In Korea, the Korean orthography was established by law in 1998 because there are so many possible pronounces in spoken Korean, so the same words can be written in different Korean letter, Hangul. If there were no rule on orthography of Korean, it would be confusing for people to write and read the same words in different notations. For example, the words ‘자장면’ and ‘짜장면’ mean same thing that is the one kind of Chinese noodles.

According to the first provision of Korean orthography rule, there are two principles, which are idealism and opportunism. In other words, idealism aims to the principle that all notations have to be same and unified regardless on which settings on the notation. Opportunism support the assertion that the notation has to follow common pronounces of people. (J., S., Kim, 2008) As a result, the national language deliberation council held a large meeting to modify some rules on Korean orthography as the language has been changed.

However, the modification of the rule depends on discussion of the members of the council, not the real data or not survey investigation which fully meets the sample’s number to figure out the real using pattern of Korean. The project I propose will help the members of council to judge whether a word has to be changed or not by providing real data of use of written language. (Orthography is confined to written language, not spoken language) The data will be from Twitter in Korean for recent 5 years (2010-2014). If it succeeds to figure out the latest pattern of the use of the written language, it will be helpful to the people who decide the rule and the people who use written Korean (Hangul).

Characteristic of Hangul

Hangul is the alphabetic script to write Korean and it was invented in 1443 by King Sejong the Great. It consists of 40 sings which include 10 for simple vowels, 11 for diphthongs and 19 for consonants. shows the consonants and vowels of Hangul.

Fig. 1. Components of Hangul (Hangul alphabet is shown with the McCune-Reischauer transliteration and its phonetic equivalent in the International Phonetic Alphabet between square brackets. (Alejandro Gutman, 2013))

The consonants and vowels are shaped like the appearance of the mouth when people make the sounds. One syllable is made by combining one or multiple consonants with one vowel. shows the way of combination to composite one syllable. C means consonant and V means vowel. In that way, there are 11,172 of possible syllable by using only 24 of alphabets.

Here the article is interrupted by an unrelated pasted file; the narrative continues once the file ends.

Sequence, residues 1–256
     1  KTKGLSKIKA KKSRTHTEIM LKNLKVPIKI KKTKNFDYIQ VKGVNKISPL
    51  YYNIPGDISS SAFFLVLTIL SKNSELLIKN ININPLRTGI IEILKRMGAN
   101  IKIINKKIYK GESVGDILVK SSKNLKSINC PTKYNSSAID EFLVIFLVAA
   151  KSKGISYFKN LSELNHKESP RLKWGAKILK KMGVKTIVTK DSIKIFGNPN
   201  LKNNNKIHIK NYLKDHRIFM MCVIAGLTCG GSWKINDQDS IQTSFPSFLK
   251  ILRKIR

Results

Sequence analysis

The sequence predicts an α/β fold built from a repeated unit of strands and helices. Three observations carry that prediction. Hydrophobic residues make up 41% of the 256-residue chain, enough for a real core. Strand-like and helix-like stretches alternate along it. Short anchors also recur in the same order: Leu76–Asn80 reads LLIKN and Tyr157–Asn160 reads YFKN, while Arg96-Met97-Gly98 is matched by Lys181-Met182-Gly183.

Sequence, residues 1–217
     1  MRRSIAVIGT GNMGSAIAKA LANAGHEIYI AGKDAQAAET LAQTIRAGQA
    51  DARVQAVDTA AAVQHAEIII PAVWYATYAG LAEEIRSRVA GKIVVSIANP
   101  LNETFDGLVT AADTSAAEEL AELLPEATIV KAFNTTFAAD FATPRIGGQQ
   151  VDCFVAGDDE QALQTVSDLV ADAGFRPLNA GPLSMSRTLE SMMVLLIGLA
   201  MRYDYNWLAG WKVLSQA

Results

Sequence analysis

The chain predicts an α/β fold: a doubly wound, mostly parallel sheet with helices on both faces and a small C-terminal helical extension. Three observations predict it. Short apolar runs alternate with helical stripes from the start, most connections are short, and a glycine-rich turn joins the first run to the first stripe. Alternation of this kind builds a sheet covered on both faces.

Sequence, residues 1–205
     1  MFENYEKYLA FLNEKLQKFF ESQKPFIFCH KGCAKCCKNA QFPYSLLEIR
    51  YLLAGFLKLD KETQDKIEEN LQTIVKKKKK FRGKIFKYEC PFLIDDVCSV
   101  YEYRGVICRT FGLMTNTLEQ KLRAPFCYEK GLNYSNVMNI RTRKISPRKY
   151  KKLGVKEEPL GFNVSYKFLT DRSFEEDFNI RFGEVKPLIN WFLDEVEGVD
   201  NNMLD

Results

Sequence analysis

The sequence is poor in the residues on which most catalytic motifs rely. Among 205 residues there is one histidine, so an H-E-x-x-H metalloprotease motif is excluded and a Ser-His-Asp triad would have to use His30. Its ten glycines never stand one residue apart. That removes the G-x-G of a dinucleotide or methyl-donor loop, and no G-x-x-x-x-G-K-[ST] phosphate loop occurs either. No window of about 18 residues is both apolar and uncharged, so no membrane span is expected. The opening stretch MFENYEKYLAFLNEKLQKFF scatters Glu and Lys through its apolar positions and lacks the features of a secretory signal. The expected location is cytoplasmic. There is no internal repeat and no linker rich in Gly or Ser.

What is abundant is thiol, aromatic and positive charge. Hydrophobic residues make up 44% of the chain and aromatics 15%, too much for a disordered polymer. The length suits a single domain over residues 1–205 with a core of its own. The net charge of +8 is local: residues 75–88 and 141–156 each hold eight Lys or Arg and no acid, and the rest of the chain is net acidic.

Fig. 2. Ways of composition of syllable in Hangul (YuNna Kato, 2015, p.47)

However, Hangul is a phonogram which represents combination of phonemes, so it has the limitation in that same word has different meaning. In other words, there is a problem of homonym. For example, Korean word ‘팔’ means arm, number eight and a verb, sell. As a result, there is a Korean orthography as a law to eliminate confusion from the same words which have different meanings.

Korean Orthography

Korean Orthography consists of four parts – The rules of Korean spelling (한글맞춤법), Korean language standardization (표준어 규정), Loanword orthography (외래어 표기법) and Korean Romanization (로마자 표기법) – and the parts are interactive. Among them, the rules of Korean spelling are the fundamental regulation, so it can be more confusing if the rules are changed. In this context, the rules are rarely modified and the modification is conducted by education ministries. However, naturally, language is changing and the orthography has to follow the change because the purpose of the orthography is to make people’s language life comfortable with less confusion. As a result, Korean language standardization, which contains unified orthography for a word, is deliberated four times in a year by national academy of the Korean language. Therefore, the focus of this project will be Korean language standardization, not the rule itself. In reality, Korean language standardization has been steadily changed and even there are several standard words because the real language of modern people has been changing.

Modification of orthography has various aspects; language education, education policy, the relationship between custom of orthography and new change, efficiency of an orthography and the social cost for the revision of an orthography. (J., H., Lee, 2013) So if the revision could not reflect on real usage of Korean, it would bring huge economic loss. For example the books and documents which had been printed before the revision was decided have to be re-printed according to the new notation way. Not this drastic example, the result of this project will help the members to select the words have to be concerned on the meeting for revision. In addition, the budget assigned to manage Korean orthography is somewhat small (D., R., Lee, 2009), so this project will make the process of revision of Korean orthography more efficient and effective.